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This book was recommended to me and for a while I had been putting off buying this book as I was unsure whether I would enjoy it.
The book starts off slowly, and a few letters in I was still a little sceptical about this book and didn't think I would like it. I decided to persevere with the book and was glad that I did.
The idea of the book being written in a series of letters is a unique way of telling this story, and I'm not sure that this would have been quite as good having been written in chapters. I was able to dip in and out of the book reading a letter or two at a time, but usually ended up reading more.
The story is heartwarming and full of friendship, laughter and kindness, despite this book being set in the years following the German occupation of Guernsey. The book is a series of letters between the main character Juliet, her best friend, her publisher and the various (rather interesting) members of the Guernsey Literary and Potato Peel Pie Society.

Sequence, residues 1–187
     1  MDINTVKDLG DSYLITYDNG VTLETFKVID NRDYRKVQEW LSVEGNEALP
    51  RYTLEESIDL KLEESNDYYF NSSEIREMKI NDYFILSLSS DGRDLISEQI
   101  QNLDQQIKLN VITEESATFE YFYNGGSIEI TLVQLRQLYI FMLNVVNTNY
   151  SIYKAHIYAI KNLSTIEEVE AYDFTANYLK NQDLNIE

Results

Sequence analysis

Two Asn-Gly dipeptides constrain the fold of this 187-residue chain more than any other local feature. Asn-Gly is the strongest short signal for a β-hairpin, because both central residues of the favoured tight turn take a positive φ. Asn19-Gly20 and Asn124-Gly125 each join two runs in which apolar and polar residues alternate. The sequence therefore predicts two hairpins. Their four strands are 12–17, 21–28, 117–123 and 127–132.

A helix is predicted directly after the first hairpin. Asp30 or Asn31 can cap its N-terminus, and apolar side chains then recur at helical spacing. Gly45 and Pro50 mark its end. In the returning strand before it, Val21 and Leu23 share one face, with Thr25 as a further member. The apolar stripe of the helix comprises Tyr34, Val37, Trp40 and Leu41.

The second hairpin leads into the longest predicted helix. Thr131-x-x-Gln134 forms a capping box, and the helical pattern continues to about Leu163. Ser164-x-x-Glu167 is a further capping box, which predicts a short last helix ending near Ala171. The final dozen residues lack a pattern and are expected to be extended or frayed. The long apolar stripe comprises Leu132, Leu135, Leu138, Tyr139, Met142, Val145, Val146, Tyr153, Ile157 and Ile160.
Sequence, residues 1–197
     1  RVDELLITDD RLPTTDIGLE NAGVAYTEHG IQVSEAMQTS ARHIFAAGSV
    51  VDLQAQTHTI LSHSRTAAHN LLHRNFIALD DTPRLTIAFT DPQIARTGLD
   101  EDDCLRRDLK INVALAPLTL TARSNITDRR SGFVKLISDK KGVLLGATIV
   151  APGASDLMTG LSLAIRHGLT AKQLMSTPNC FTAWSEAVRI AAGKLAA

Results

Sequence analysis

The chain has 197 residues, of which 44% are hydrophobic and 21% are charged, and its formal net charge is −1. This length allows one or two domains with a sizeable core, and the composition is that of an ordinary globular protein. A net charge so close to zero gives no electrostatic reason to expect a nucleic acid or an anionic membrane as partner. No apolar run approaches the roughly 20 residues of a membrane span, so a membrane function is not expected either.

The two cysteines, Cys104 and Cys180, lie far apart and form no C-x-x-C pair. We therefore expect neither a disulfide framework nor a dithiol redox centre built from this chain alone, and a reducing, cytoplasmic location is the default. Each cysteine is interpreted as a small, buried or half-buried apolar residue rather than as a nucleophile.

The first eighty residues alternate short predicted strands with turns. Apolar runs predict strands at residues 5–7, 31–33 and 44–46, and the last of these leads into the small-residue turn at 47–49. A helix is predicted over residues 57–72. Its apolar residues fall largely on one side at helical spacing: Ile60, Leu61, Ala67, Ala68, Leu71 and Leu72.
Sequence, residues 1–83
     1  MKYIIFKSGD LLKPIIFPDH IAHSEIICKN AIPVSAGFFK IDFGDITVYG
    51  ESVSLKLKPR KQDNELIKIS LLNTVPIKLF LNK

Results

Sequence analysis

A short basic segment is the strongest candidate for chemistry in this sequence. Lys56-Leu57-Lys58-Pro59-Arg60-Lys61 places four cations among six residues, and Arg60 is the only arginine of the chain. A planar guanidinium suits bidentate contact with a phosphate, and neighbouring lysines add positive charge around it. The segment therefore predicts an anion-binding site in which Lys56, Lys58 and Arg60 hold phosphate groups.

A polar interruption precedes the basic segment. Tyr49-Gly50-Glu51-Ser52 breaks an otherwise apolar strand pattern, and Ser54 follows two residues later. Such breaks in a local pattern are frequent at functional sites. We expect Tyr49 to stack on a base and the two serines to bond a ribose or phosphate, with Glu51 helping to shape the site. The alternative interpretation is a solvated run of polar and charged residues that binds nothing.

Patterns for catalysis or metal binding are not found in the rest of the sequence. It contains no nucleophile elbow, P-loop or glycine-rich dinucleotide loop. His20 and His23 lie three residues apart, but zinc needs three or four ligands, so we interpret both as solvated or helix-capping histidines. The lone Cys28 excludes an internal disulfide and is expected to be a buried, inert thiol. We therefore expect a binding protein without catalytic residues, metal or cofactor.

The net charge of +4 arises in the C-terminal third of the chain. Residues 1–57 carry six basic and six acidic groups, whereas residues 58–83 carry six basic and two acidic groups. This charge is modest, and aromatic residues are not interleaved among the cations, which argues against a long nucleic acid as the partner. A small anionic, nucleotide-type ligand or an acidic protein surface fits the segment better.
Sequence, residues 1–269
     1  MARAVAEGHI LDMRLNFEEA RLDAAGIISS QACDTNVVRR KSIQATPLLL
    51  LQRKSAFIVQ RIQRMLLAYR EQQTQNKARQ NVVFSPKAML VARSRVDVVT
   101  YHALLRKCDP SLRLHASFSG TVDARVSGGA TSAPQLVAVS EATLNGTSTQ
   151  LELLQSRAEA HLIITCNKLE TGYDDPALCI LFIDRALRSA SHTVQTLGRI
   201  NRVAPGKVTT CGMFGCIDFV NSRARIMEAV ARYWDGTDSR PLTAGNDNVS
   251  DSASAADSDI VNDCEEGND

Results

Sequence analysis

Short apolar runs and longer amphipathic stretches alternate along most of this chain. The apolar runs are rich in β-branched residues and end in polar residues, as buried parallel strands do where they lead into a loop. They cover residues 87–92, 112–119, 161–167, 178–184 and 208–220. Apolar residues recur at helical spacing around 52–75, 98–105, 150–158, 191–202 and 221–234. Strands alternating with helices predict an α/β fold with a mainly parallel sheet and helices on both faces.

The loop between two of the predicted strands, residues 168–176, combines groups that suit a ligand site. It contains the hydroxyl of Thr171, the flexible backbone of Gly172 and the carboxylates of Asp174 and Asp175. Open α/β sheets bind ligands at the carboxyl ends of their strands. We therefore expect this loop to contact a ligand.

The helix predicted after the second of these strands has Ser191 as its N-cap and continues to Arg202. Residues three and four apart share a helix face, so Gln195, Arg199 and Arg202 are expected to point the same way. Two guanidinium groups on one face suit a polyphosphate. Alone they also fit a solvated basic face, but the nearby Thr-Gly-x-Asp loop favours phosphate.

Juliet wrote a newspaper column during the war, but now in 1946 is unable to write the novel that she would like. She receives a letter unexpectedly from Dawsy Adams (a member of the Literary society) who is now in possession of a book by Charles Lamb that was previously Juliet's book. This initial letter then leads onto letters being sent to Juliet from the other members of the Literary Society, and it is through these letters that she learns the story of how the Literary Society started, and also about the lives of the individual members.
This book may not be for everyone; I recommended this book to my mum and after reading almost half of the book my mum thinks that the book is ok, but isn't as struck by this book as I am.
I thought the book was really well written, and maybe it isn't completely accurate, and is a little stereotypical in it's characters and what has happened, however, this book has a special something for me. I think I will definitely read it again in years to come. Beautifully written.
My rating 4.5 Stars!!